Chinese troops twice crossed over the border into a remote area of the western Himalayas, with some unfurling a banner that read "this is Chinese territory, go back", an official said on condition of anonymity.
Indian border police noticed the troops on Sunday in an unpopulated area of Ladakh during a patrol of the informal border that separates India and China. "It was a temporary peaceful face-off with PLA well inside Indian territory," the official told AFP referring to China's People's Liberation Army.
This news item showed up on the channelnewsasia.com Internet site at 5:37 p.m. local time in Singapore---and I thank Brad Robertson for his second contribution of the day.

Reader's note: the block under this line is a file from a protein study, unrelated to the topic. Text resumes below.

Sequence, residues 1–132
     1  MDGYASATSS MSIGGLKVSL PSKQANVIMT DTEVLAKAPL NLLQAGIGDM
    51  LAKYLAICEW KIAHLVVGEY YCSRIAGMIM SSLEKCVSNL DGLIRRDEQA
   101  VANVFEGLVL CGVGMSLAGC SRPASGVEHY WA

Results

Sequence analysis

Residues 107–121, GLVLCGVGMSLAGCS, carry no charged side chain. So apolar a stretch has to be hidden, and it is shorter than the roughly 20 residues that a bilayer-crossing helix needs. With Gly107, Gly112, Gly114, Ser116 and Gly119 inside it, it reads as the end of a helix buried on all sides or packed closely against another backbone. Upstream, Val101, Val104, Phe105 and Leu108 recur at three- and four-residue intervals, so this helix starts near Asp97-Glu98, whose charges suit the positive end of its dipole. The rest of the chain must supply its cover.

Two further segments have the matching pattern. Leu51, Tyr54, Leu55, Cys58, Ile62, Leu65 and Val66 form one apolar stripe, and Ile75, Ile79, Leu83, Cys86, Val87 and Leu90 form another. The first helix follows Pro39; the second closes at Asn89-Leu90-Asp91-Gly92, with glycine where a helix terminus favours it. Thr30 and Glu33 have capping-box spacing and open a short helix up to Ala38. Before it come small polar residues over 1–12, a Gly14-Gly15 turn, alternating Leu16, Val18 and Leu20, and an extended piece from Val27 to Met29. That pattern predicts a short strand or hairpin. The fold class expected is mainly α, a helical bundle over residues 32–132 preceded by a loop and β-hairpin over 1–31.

China found a dozen Japanese auto-parts makers guilty of price fixing and doled out the biggest antitrust fines in the country since relevant rules came into effect six years ago.
Total fines amounted to 1.24 billion yuan ($200 million), the National Development and Reform Commission, China’s main economic planner, said on its website. Sumitomo Electric Industries Ltd. drew the heaviest fine at 290.4 million yuan -- the biggest-ever antitrust penalty for a single company -- followed by Yazaki Corp.
While China follows the U.S., Europe and Japan in punishing parts makers, the fines come as foreign businesses increasingly voice concerns that an era of heightened regulatory scrutiny is dawning on the world’s second-largest economy. Global Car manufacturers, technology companies and food companies have faced antitrust probes in the country since last year.